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James Baggott: Isn’t it time we tackled the kerbside motor traders ourselves?

James Baggott: Isn’t it time we tackled the kerbside motor traders ourselves?

Screen shot 2013-11-25 at 15.07.01WITH car dealers in the media spotlight once again and yet another government crackdown on the ‘evil’ that Whitehall believes lurks within every showroom, isn’t it about time we got together as a trade to weed out the real rotten turnips?

Every industry has its bad apples (I promise that’s my last fruit-and-veg-based metaphor) — just look at the press and the bad name that sewer-scraping tabloid hacks have tarred us all with. I struggle to listen to my own voicemail let alone anyone else’s, but if I tell anyone what I do for a living I can see them grab for their phone as if I could hear Aunt Jude’s soppy message about Sunday lunch just by looking at their Nokia 3210.

Just as in the car industry, working in the media requires a level of trust. I’ve often been told stories that would make the editors of weekly car magazines foam at the mouth (baby Jag, anyone?), but when the source tells you that it’s ‘off the record’, then that’s exactly what it means. If they can see that I don’t leak sensitive information like a Lotus Elise’s roof, then they’re more inclined to give me the low- down on something they want to shout about in the future.

It’s the same with car dealers — if your customers don’t trust you then you’re already on the back foot. In fact, building up trust, in my eyes, should be the most important thing for every dealer. Sadly, there are many in the motor trade that don’t see business that way — and it’s this minority that are ruining it for the rest of us.

Earlier this month the Citizens Advice Bureau (CAB) and the Trading Standards Institute clubbed together to launch its ‘Check It, Don’t Regret It’ campaign. It appears that the government is fed up with second hand cars being the most complained about topic on the CAB’s advice line.

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In the last 12 months, the charity has been told of 84,000 complaints about used cars. That’s quite a lot. In the first two weeks of September alone there were more than 2,500 angry punters on the blower and some 83 per cent of them had valid faults on their ‘new’ used car. Four out of five of the callers’ motors needed essential repairs. Incredibly, 139 of them were fit only for the scrap heap.

That’s not good news for dealers as a whole. While you may be genuine, honest and helpful, there are many out there that are not — and most of them, if I were to hazard a guess, are selling their cars not from a showroom or used car pitch, but from a layby at the side of a busy main road. While it’s all well and good for the government and its enforces to get angry about dodgy used cars, their latest campaign should really have a simple message and one alone: Don’t buy a used car from the side of the road.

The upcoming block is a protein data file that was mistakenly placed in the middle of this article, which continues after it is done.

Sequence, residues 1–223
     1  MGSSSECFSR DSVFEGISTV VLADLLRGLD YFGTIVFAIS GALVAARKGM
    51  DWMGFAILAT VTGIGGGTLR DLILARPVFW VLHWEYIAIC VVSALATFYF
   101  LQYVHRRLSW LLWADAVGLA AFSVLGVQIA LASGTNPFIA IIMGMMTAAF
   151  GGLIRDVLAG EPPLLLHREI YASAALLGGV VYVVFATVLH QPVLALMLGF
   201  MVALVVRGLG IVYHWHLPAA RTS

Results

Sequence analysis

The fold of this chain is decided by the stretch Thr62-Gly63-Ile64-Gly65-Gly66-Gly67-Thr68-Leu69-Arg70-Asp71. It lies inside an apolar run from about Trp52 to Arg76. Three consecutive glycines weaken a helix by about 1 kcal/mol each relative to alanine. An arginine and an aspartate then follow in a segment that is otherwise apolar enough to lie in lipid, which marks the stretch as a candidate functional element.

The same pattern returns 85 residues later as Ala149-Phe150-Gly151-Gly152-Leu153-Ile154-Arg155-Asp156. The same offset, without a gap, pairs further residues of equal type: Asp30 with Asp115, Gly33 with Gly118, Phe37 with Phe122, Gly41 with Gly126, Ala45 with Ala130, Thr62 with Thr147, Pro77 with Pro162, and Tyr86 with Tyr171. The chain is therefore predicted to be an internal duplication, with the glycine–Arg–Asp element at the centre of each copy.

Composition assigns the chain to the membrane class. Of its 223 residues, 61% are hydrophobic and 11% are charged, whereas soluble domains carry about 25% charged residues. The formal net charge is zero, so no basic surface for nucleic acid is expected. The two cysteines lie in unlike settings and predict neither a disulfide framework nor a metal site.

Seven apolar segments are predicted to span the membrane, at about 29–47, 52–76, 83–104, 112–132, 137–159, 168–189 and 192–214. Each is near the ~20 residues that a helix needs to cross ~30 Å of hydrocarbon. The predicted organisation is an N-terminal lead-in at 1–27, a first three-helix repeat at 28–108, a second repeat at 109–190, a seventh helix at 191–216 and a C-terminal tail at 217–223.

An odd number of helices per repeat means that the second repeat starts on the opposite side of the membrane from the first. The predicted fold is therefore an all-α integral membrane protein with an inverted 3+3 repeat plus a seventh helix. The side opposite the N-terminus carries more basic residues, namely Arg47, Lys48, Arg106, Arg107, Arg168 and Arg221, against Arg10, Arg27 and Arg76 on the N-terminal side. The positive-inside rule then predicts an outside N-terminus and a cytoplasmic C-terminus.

Seriously, who are these people that buy machines costing thousands from a guy in a grotty layby? With the desire to save a few quid clouding their craniums, they’ve thrown all sense out of the window and decided that yes, they might not know where the dealer lives, or trades from, what his real name is or have anything more than a pay-as- you’re-gone mobile phone number, but still handing over £1,695 for a fading red Ford Ka for his daughter is in fact a solid and sound investment.

What’s that, you say? The head gasket has gone? And you want the number for Citizens Advice? Oh.

If aforementioned doting dad had spent a couple of hundred quid more and bought from a car dealer — one with premises, one paying business rates, advertising costs, VAT and all the rest of the big bills that come with running a legitimate business — then he’d have had some comeback. And that’s not forgetting he’d have known where to take the faded Ford Ka back to in the first place.

If the government focused its efforts on killing off kerbside traders (not literally), then I’d wager those 84,000 complaints a year would fall dramatically.

A simple message to car buyers warning them of the dangers of buying dodgy motors at the side of the road and instead to head to a dealership would be far more effective than simply scaring consumers into thinking all dealers are out to get them.

Maybe it’s time the industry clubbed together — threw some cash into an advertising pot — and launched a campaign of its own to get the message across.

I’m up for organising it. Who’s with me? Tweet me @CarDealerEd.

 

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